Any U.S. military policy should have the objective of providing security for the lives, liberty and property of the American people in the U.S. against the risk of attack by a foreign power. This objective should be achieved as inexpensively as possible and without undermining the liberties it is designed to protect.
The potential use of nuclear weapons is the greatest threat to all the peoples of the world, not only Americans. Thus, the objective should be to reduce the risk that a nuclear war might begin and its scope if it does.
We call on the U.S. government to continue negotiations toward multi-lateral reduction of nuclear armaments, to the end that all such weapons will ultimately be eliminated, under such conditions of verification as to ensure multi-lateral security. During arms reduction negotiations, and to enhance their progress, the U.S. should begin the retirement of some of its nuclear weapons as proof of its commitment. Because the U.S. has many more thousands of nuclear weapons than are currently required, beginning the process of arms reduction would not jeopardize American security. U.S. weapons of indiscriminate mass destruction should be replaced with smaller weapons aimed solely at military targets and not designed or targeted to kill millions of civilians.
We call on the U.S. government to remove its nuclear weapons from Europe. If European countries want nuclear weapons on their soil, they should take full responsibility for them and pay the cost.
We call for the replacement of nuclear war fighting policies with a policy of developing cost-effective defensive systems. Accordingly, we advocate termination of the 1972 ABM treaty or any future agreement which would prevent defensive systems on U.S. territory or in earth orbit.
We call for the withdrawal of all American military personnel stationed abroad, including the countries of NATO Europe, Japan, the Philippines, Central America and South Korea. There is no current or foreseeable risk of any conventional military attack on the American people, particularly from long distances. We call for the withdrawal of the U.S. from commitments to engage in war on behalf of other governments and for abandonment of doctrines supporting military intervention such as the Monroe Doctrine.
 2. Presidential War Powers
We call for the reform of the Presidential War Powers Act to end the President's power to initiate military action, and for the abrogation of all Presidential declarations of "states of emergency." There must be no further secret commitments and unilateral acts of military intervention by the Executive Branch.
We favor a Constitutional amendment limiting the presidential role as Commander-in-Chief to its original meaning, namely that of the head of the armed forces in wartime. The Commander-in-Chief role, correctly understood, confers no additional authority on the President.
 C. Economic Policy
 1. Foreign Aid
We support the elimination of tax-supported military, economic, technical, and scientific aid to foreign governments or other organizations. We support the abolition of government underwriting of arms sales. We further support abolition of federal agencies that make American taxpayers guarantors of export-related loans, such as the Export-Import Bank and the Commodity Credit Corporation. We also oppose the participation of the U.S. government in international commodity circles which restrict production, limit technological innovation, and raise prices.
We call for the repeal of all prohibitions on individuals or firms contributing or selling goods and services to any foreign country or organization.
 2. International Money
We favor withdrawal of the United States from all international paper money and other inflationary credit schemes. We favor withdrawal from the World Bank and the International Monetary Fund.
We strongly oppose any bailout of foreign governments or American banks by the United States, either by means of the International Monetary Fund or through any other governmental device.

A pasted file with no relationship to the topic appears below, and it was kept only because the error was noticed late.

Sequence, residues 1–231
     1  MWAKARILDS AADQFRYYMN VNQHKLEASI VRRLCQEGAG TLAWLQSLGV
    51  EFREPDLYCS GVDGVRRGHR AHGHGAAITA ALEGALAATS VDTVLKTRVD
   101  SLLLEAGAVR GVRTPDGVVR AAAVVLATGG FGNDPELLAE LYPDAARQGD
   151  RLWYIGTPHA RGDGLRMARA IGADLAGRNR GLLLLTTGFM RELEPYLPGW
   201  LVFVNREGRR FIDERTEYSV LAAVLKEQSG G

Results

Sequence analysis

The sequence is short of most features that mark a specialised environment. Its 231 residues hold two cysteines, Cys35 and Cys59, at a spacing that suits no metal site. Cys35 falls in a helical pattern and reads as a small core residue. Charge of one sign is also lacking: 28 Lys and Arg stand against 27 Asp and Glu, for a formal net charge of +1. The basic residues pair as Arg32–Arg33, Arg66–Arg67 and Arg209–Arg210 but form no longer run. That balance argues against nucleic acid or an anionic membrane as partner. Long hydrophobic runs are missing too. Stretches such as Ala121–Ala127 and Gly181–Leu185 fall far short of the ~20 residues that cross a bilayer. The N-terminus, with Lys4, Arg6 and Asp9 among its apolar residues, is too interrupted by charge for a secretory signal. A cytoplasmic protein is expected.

3. Unowned Resources
We oppose any recognition of fiat claims by national governments or international bodies to unclaimed territory. Individuals have the right to homestead unowned resources, both within the jurisdictions of national governments and within such unclaimed territory as the ocean, Antarctica, and the volume of outer space. We urge the development of objective international standards for recognizing homesteaded claims to private ownership of such forms of property as transportation lanes, broadcast bands, mineral rights, fishing rights, and ocean farming rights. All laws, treaties, and international agreements that would prevent or restrict homesteading of unowned resources should be abolished. We specifically hail the U.S. refusal to accept the proposed Law of the Sea Treaty because the treaty excluded private property principles, and we oppose any future ratification.
 D. International Relations
 1. Colonialism
United States colonialism has left a legacy of property confiscation, economic manipulation, and over-extended defense boundaries. We favor immediate self-determination for all people living in colonial dependencies, such as Samoa, Guam, Palau, the Northern Mariana Islands, and the Virgin Islands, to free these people from U.S. dominance, accompanied by the termination of subsidization of them at taxpayers' expense. Land seized by the U.S. government should be returned to its rightful owners.
 2. Foreign Intervention
We would end the current U.S. government policy of foreign intervention, including military and economic aid, guarantees, and diplomatic meddling. We would end all limitation of private foreign aid, both military and economic. Voluntary cooperation with any economic boycott should not be treated as a crime.
We would repeal the Neutrality Act of 1794, and all other U.S. neutrality laws which restrict the efforts of Americans to aid overseas organizations fighting to overthrow or change governments.
We would no longer incorporate foreign nations into the U.S. defense perimeter. We would cease the creation and maintenance of U.S. bases and sites for the pre-positioning of military material in other countries. We would end the practice of stationing of American military troops overseas.
We make no exceptions to the above.
 3. Space Exploration
We oppose all government restrictions upon voluntary peaceful use of outer space. We condemn all international attempts to prevent or limit private exploration, industrialization, and colonization of the moon, planets, asteroids, satellite orbits, Lagrange libration points, or any other extra-terrestrial resources. We repudiate the principles contained in the U.N. Moon Treaty. We support the privatization of the National Aeronautics and Space Administration.
 V. Omissions
Our silence about any other particular government law, regulation, ordinance, directive, edict, control, regulatory agency, activity, or machination should not be construed to imply approval.